It is often experienced by students of Theosophy that the more they study, the more difficult the study seems to get, and what seemed simple yesterday seems complicated today!
The key ideas in our teachings must be studied and meditated upon, not just for the solution of one particular difficulty, but as aids to the comprehension of other difficulties as well. This is the way to synthesize our knowledge, and, without synthesizing as we go along, the teachings become meaningless for us. We need to widen and deepen our thinking. When we act, we do not think of the reaction; and when the effect comes, we cry out against life! Just as our thinking is shallow, so is our study. A key sentence in our teachings may clear up one particular problem, but we must not stop there. We must pursue the teaching mentally until we find further applications of it, to as many other problems as we are capable of understanding now. The key sentences are like our mathematical tables. Without knowing the tables we cannot do even the simplest sum! And, if we have learnt the table wrongly, our answer too will be wrong.
One difficulty students face is understanding what the human "principles" mean. Is a "principle" a form? We can see the physical body and we are told of an astral body. But what of the Kamic principle, the mind principle, the Buddhi principle?
H.P.B. in her Key to Theosophy gives us the definition of a "principle." This should be learnt by heart and meditated upon. New aspects of it will strike us in time. She writes:
Every qualificative change in the state of our consciousness gives to man a new aspect, and if it prevails and becomes part of the living and acting Ego, it must be (and is) given a special name, to distinguish the man in that particular state from the man he is when he places himself in another state.
What does "qualificative change" mean? What does "consciousness" mean? How can anything become part of the living and acting Ego? Have we here a hint of the evolutionary journey of man? Do we find another hint when it is said that one can change one's state of consciousness? Let us work that out for ourselves. What stops man from placing his consciousness in the state of the higher Ego? Himself. How can he place it there? By making his efforts towards this end prevail and become part of the living and acting Ego. Try, try and try again should be our battle-cry. Effect follows cause. Patient effort brings success. The effort must be continued till we succeed.
We can understand the physical and astral bodies as vehicles for the consciousness to act through, but how can the Mind or Kama, both without form, be used as vehicles?
What is a qualificative change? What can change the state of our consciousness, i.e., our awareness, except the matter-vehicle it is working with and through? Look at a page of print; then put on coloured glasses and look again. It does not look the same; the impressions we get are different. Now think of the subject-matter of the print. Our consciousness is no longer concerned with colour but with ideas. In other words, our consciousness or awareness has ceased to function on the physical plane and focuses itself on the mental plane. If our emotions are aroused by the ideas presented, our consciousness or awareness begins to act on the plane of Kama. So the awareness functions at times on the physical plane, at times on the mental plane, at times on the Kamic plane. Let us go further and lift the mind higher than the ideas we hold, to the universal aspect of those ideas, and our consciousness shifts to the Buddhic state—though we are so unpractised in this that the influence emanating from that state is rarely felt by us.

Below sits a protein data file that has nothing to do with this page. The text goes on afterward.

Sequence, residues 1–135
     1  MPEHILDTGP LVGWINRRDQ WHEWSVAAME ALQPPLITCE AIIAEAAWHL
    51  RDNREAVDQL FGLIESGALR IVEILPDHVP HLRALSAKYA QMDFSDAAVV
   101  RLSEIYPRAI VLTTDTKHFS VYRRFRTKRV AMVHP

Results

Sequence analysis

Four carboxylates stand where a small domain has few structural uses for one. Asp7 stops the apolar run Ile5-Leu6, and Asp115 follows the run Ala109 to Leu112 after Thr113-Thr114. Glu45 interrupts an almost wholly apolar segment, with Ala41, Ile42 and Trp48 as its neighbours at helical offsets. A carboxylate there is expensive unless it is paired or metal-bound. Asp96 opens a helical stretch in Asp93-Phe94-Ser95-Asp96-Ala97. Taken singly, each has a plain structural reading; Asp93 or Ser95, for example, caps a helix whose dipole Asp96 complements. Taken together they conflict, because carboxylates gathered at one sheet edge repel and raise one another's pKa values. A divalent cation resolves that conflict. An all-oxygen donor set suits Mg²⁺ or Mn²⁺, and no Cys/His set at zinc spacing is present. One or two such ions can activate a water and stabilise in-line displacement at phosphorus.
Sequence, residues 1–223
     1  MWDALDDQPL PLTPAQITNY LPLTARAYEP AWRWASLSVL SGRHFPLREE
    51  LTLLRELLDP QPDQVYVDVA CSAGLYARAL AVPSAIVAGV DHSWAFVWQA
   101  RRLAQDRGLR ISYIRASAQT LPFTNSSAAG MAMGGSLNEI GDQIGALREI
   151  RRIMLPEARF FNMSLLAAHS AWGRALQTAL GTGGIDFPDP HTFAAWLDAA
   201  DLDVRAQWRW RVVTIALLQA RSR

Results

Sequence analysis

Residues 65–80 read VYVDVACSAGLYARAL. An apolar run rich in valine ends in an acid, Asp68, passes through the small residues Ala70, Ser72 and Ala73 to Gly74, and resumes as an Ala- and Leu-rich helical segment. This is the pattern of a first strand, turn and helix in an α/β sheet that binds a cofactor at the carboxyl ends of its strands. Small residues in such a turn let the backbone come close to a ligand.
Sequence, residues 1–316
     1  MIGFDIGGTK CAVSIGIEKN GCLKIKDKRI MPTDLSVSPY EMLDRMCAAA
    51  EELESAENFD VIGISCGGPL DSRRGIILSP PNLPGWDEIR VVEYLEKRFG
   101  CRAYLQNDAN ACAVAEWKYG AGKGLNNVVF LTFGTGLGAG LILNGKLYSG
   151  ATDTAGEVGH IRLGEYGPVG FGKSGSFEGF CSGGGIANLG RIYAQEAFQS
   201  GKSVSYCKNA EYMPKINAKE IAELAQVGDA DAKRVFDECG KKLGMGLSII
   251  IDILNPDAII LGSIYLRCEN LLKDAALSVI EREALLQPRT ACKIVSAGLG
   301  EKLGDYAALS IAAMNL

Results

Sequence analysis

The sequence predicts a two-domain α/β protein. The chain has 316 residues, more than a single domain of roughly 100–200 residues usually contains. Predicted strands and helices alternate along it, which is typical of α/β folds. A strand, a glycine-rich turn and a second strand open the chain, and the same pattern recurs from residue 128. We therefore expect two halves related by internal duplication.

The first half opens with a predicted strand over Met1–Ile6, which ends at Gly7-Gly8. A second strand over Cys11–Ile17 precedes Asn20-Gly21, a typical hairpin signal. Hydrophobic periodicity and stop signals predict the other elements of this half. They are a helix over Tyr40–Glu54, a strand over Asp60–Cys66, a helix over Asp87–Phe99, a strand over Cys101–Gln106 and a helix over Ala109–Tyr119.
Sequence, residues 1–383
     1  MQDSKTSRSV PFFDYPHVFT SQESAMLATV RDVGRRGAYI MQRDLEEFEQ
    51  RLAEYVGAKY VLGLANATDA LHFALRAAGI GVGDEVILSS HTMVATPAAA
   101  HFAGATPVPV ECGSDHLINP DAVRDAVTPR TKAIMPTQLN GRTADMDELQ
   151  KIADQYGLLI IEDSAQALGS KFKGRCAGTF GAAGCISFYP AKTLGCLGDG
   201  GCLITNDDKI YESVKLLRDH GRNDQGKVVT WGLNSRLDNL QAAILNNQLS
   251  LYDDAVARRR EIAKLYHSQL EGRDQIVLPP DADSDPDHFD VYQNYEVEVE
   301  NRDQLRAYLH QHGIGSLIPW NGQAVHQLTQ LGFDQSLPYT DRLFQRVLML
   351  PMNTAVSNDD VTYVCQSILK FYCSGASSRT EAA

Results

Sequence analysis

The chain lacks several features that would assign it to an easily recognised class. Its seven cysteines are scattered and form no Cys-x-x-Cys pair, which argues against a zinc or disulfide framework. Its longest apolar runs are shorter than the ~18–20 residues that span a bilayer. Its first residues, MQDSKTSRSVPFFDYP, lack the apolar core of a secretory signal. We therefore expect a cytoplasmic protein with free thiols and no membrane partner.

The consciousness itself does not change; it only becomes aware of the state it is in, in terms of the vehicle it uses. It itself is the Thinker, the Perceiver. Go further—it is an Entity. An "entity" is immortal only in its ultimate essence. "Its immortality as a form is limited only to its life-cycle or the Mahamanvantara; after which it is one and identical with the Universal Spirit, and no longer a separate Entity" (The Key to Theosophy, p. 106). Let us remember that "that alone which is indissolubly cemented by Atma (i.e., Buddhi-Manas) is immortal" (Ibid.)
The Secret Doctrine II, 110) speaks of "the Monad and its conscious principle, Manas," dwelling in the physical tabernacle of man. This is important for us to note. But, just as fruit must be eaten to be enjoyed, medicine taken to do good, so this idea must be thought over, assimilated and used.
In The Key to Theosophy (p. 101 fn.) we are told: "Buddhi, receiving its light of Wisdom from Atma, gets its rational qualities from Manas."
We have much to learn. It sounds as if we have to ask ourselves all the time, "What does this mean? What is the meaning of that word?" etc., etc. It seems as if throughout the teachings are scattered phrases and sentences that illuminate one another.
Let us consider these further key sentences to apply always:
Our philosophy teaches us that as there are seven fundamental forces in nature, and seven planes of being, so there are seven states of consciousness in which man can live, think, remember and have his being. (Key, p. 88)
Even now, while we cannot master these high themes, we can have a patient trust in the processes of evolution and the Law, blaming and judging no man, but living up to our highest intuitions ourselves. The real test of a man is his motive, which we do not see, nor do his acts always represent it.